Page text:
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Detroit police officials are reviewing a video that shows an officer striking a shoplifting suspect with a baton during a tussle outside a Detroit store to determine if the use of force was justified.

Police Chief James Craig said he has reviewed both a shaky 4:52 video that was uploaded to YouTube and more comprehensive surveillance footage from the Meijer store on Eight Mile, where the incident occurred about 8:30 p.m. Sunday.

“Preliminarily, it appears the officer’s use of force was proper,” Craig said during a news conference Monday at police headquarters. “But we’re not finished with our investigation yet.”

The 23-year-old suspect was arrested and police are seeking charges of disorderly conduct, and resisting and obstructing. If charged and convicted, he could face up to two years in prison.

Craig said the trouble began when a security guard told the officer, a 39-year veteran who was moonlighting at the store as part of the Police Department’s Secondary Employment program, that the man had shoplifted some items.

“It turned out not to be the case,” Craig said, adding the man’s friend produced receipts for the merchandise he’d been accused of stealing.

The YouTube video begins with a struggle already underway near the store’s exit between the 65-year-old officer, who is assigned to the 11th Precinct, and the suspect.

The struggle takes both men through the automatic door and into the parking lot. Although it’s not clear in the YouTube video, Craig said store surveillance video shows the man pulled the officer into the parking lot.

The cameraman in the YouTube video walks outside the store, where the officer is seen pinning the man to the ground. The man eventually rises to his feet, and the officer follows him further away from the store.

The two men parry for a few minutes in the parking lot, with the officer apparently trying to compel the man to surrender.

“You’re under arrest,” the officer tells the man, who replies, “You have no legal right to arrest me.”

The man pulls the officer down, knocking him off balance, and the officer swings his baton, striking the man in the face.

“Why you hit him?” a bystander asks, and the officer replies, “He’s under arrest.” Another bystander yells, “Not like that.”

A crowd gathers around the officer and suspect, who keeps yelling “no!” or “go!”

The officer eventually leads the man back into the store, apparently by the collar, and the video winds down.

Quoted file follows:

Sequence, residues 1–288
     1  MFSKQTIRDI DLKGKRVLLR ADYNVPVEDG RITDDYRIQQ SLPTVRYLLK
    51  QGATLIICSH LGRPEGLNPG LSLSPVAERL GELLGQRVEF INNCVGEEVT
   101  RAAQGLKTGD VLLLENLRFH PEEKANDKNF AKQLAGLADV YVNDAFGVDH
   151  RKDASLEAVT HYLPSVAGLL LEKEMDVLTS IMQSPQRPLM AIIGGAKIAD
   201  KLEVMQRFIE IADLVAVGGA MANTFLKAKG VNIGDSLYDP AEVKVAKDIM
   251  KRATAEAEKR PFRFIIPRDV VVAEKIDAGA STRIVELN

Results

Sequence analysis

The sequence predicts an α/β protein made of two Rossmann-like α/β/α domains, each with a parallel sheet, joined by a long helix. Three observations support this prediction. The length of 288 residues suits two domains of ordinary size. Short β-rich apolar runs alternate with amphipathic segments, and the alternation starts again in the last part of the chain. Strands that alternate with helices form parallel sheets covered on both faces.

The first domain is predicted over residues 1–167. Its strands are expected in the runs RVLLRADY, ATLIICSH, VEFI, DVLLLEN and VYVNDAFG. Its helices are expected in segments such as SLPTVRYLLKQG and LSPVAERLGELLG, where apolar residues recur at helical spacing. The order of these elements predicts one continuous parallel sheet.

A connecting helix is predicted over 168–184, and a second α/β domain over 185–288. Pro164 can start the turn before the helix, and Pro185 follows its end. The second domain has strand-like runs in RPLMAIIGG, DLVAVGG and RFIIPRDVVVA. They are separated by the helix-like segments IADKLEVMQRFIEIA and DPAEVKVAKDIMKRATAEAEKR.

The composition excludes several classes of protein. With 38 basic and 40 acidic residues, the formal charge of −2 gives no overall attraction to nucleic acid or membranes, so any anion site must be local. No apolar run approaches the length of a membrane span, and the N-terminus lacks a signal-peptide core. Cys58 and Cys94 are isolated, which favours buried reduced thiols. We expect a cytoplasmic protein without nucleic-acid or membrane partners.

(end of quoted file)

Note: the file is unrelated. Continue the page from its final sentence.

“Any time a police officer uses force, particularly with a side-handle baton, that always looks bad,” Craig said. “It never looks good, although it’s part of our our force continuum.

“This quickly escalated from active resistance to active aggression.”

The struggle drew criticism of the officer’s actions by a community group.

"Hitting people in the head is what led to the death of Malice Green. The officer could've made the arrest without striking him in the head. That's why federal oversight of the DPD should still be in place," said Kenneth Reed of the Coalition Against Police Brutality.

Craig said the suspect has no arrest record, and the officer has been disciplined in the past, including one incident in which he was censured for using force, although he declined to provide further details about the infraction. Craig added it’s not unusual for a cop to have been disciplined after so many years on the job.

“There are some concerns I have with this incident,” Craig said. “I hate to Monday-morning quarterback ... but I would have preferred early on, when this officer saw it was beginning to escalate, that he notify dispatch and requested assistance.”

Craig also said he wanted to find out why store security guards left the scene once tempers began to escalate.

“I understand the frustration if you’re stopped by a police officer and you’ve done nothing wrong,” Craig said. “But my wisest counsel is to just cooperate. There’s a process of making complaints later on. The officer had a right to investigate, based on the information he had at the time.”

Craig said the incident would likely have justified the use of a Taser if the officer had been equipped with one. Tasers have already been approved for use by Detroit police and officials are choosing a vendor, Craig said.

Craig said while the video showing the officer hitting the suspect in the face with his baton is graphic, the officer’s use of force likely was proper — and, he said, the officer accomplished his goal.

“What was telling was when he deployed the single strike to hit the suspect in the face, the suspect’s resistance stopped, and the officer de-escalated the situation, and there was no force after that,” Craig said.

ghunter@detroitnews.com

(313) 222-2134

Twitter: @GeorgeHunter_DN

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